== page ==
Tomatoes are delicious at this time of the year, smell your tomatoes to check they are tasty (no tomatoey smell = no flavour) and keep them out of the fridge to maximise flavour too. Tomatoes are a fantastic source of antioxidants, including lycopene and are a key ingredient of the healthy Mediterranean diet. They also contain vitamin C, biotin, molybdenum, vitamin K, vitamin A, minerals and B vitamins.

Radishes provide a lovely crunch to the salad and are also a great source of fibre for your gut microbes. They are a natural diuretic, helping to keep the urinary system healthy and are also great for relieving congestion and preventing respiratory problems.

Nearly Niçoise with Asparagus and Endive

Tuna Niçoise with Asparagus, Kalamata Olives, Tomatoes, Lettuce and Endive

Make a change to a Tuna Niçoise by adding seasonal asparagus and different salad leaves like endive.

Serves 2

Ingredients

  • 6 new potatoes, scrubbed and cut into chunks if too large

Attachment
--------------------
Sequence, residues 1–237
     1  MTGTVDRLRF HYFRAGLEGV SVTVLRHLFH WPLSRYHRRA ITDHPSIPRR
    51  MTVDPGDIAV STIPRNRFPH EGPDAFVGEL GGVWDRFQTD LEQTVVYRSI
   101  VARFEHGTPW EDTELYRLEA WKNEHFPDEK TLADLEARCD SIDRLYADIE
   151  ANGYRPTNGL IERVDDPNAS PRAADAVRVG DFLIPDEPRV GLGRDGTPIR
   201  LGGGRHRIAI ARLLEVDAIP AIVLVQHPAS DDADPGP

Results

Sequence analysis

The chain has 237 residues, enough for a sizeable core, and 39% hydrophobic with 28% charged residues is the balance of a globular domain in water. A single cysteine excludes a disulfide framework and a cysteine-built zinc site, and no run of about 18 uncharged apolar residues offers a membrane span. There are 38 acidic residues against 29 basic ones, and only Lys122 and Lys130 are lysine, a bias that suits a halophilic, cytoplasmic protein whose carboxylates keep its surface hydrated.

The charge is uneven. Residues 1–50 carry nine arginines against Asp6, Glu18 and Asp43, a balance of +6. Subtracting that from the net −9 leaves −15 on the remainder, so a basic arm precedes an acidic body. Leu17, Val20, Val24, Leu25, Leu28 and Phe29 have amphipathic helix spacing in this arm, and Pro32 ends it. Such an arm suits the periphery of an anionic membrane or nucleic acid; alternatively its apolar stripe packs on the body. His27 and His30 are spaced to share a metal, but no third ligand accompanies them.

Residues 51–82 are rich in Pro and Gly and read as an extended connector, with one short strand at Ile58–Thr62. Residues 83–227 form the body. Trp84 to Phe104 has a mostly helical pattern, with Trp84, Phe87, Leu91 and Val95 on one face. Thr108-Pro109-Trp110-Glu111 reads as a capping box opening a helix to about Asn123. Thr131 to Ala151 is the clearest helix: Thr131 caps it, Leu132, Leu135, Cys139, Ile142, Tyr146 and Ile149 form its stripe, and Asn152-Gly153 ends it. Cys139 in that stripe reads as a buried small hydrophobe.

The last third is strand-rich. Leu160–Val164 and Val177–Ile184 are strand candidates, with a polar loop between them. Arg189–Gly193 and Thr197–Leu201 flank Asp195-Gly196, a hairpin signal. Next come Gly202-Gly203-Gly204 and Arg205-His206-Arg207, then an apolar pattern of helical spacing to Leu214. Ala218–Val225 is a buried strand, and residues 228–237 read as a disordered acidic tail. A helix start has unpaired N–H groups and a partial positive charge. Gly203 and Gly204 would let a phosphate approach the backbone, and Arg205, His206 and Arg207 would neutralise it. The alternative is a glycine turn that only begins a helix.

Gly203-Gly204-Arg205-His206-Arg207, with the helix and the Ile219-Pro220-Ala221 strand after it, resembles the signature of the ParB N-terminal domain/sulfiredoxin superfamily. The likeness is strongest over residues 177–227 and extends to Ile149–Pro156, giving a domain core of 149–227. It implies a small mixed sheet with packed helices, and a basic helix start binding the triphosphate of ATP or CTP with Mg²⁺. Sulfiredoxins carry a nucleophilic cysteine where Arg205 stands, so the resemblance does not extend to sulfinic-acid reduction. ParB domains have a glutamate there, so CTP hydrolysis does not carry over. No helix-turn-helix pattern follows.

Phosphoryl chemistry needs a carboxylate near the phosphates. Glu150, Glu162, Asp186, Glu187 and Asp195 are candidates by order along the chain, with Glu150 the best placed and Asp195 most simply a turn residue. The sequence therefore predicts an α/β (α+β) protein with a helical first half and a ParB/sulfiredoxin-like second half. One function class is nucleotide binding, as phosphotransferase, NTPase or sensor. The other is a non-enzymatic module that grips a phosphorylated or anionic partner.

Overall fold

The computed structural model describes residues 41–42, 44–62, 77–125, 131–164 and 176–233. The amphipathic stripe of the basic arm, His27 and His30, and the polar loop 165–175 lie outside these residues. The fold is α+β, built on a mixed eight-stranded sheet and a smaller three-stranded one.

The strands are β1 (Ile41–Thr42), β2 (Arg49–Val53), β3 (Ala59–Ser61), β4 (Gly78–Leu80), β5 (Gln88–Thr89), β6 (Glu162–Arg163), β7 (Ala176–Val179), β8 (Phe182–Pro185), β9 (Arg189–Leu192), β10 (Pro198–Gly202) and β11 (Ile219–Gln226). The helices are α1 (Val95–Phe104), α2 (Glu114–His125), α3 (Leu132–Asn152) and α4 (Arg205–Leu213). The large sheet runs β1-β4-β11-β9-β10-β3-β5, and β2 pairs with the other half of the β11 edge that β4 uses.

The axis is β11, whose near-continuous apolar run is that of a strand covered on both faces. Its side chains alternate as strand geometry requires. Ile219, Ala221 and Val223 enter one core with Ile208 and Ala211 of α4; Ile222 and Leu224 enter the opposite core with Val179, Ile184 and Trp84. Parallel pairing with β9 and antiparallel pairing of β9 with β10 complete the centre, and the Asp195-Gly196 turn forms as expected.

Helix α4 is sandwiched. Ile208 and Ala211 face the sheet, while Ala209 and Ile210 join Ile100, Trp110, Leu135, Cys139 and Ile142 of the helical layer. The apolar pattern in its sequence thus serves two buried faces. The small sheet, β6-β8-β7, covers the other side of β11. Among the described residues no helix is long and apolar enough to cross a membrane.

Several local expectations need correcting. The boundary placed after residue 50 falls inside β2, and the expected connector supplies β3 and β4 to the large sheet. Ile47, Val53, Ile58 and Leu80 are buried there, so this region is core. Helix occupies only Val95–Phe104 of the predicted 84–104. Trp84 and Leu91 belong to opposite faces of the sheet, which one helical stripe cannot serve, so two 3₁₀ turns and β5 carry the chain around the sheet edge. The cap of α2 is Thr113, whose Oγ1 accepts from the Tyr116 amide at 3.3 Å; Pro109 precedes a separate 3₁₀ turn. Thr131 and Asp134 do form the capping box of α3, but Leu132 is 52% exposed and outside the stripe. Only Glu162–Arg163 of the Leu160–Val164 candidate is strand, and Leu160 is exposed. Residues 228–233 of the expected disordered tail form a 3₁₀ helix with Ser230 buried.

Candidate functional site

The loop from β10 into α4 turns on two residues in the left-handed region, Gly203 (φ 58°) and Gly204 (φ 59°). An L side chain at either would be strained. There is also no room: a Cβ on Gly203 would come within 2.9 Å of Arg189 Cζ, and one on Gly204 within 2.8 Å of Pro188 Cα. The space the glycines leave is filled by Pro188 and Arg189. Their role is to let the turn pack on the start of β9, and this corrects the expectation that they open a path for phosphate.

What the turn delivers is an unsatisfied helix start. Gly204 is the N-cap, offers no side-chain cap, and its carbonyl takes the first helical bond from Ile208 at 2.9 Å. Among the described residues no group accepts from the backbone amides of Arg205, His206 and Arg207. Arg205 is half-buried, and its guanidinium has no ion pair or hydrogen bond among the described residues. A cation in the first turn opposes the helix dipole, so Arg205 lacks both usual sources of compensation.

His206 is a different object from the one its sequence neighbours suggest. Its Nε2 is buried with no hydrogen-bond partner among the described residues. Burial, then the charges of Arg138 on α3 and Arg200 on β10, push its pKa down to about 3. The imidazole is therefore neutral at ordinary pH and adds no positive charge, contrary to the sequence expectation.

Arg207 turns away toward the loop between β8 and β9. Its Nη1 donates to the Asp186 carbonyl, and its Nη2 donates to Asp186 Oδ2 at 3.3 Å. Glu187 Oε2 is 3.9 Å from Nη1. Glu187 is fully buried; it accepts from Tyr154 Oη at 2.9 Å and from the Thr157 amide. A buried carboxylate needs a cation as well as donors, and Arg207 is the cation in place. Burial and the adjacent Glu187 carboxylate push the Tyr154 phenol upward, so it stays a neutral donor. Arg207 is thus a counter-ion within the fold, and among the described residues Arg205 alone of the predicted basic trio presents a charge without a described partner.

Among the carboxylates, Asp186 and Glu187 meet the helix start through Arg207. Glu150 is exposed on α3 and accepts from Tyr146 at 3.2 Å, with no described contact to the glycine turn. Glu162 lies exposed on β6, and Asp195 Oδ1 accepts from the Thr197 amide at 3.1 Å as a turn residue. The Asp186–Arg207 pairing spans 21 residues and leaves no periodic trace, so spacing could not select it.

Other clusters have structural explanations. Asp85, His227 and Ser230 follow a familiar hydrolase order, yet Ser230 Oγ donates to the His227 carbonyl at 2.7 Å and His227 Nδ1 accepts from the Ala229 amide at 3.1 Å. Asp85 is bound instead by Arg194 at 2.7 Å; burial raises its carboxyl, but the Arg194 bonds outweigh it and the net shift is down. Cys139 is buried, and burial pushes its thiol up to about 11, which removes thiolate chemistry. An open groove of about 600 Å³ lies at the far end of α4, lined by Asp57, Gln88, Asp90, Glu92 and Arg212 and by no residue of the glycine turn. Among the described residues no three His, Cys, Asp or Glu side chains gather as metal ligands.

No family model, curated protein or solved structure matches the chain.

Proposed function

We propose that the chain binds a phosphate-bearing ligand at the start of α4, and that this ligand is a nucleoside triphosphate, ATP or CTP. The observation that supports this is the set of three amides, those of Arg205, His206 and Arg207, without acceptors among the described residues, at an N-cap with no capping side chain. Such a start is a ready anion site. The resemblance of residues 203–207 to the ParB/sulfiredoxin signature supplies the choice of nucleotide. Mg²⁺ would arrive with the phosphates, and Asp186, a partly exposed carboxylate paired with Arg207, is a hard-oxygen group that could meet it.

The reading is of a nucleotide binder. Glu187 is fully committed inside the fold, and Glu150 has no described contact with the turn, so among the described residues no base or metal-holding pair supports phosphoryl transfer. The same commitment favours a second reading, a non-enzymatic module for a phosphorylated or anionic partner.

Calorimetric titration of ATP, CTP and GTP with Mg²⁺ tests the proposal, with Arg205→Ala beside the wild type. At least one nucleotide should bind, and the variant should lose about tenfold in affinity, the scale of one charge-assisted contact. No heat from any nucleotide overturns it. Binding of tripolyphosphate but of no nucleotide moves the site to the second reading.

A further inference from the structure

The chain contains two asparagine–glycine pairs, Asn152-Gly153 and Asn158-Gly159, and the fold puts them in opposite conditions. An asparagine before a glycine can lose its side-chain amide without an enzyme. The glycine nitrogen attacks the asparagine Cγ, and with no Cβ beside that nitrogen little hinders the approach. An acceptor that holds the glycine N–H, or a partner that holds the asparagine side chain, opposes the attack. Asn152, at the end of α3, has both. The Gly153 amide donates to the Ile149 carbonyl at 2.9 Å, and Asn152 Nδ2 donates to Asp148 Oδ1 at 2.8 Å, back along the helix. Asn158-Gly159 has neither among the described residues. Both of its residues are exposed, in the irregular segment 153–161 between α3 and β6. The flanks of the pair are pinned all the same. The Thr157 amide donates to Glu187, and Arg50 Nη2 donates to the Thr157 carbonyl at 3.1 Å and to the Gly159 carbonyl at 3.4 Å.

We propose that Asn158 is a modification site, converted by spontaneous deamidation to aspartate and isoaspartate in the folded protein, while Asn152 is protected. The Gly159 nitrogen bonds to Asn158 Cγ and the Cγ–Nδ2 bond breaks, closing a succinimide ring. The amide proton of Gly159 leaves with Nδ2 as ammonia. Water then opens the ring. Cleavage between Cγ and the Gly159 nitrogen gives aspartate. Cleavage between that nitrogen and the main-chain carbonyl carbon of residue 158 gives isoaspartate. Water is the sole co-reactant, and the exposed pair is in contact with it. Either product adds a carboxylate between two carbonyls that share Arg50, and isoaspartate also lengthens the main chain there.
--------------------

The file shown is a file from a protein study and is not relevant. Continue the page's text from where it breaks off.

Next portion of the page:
• 2 free-range eggs
  • 2 handfuls cherry tomatoes
  • 1 Little Gem lettuce, washed and chopped
  • 1 endive, washed and chopped
  • 8 asparagus spears, woody ends discarded
  • 10 Kalamata olives
  • 1 tin sustainably-sourced tuna steak in olive oil, drained

For the dressing

  • 1 small clove garlic, peeled and crushed
  • 1 tsp Dijon mustard
  • 1 tbsp white wine vinegar
  • 2 tbsp extra virgin olive oil
  • salt and pepper

Method

  1. Cook the potatoes in boiling water for about 10 mins, until done - if you have left over potatoes this is a great way to use them up and cooked potatoes that have been cooled overnight are a good source of resistant starch*
  2. Boil the eggs for 6-8 minutes, depending on size and how soft you like them. Drain, run under cold water to cool, then peel and halve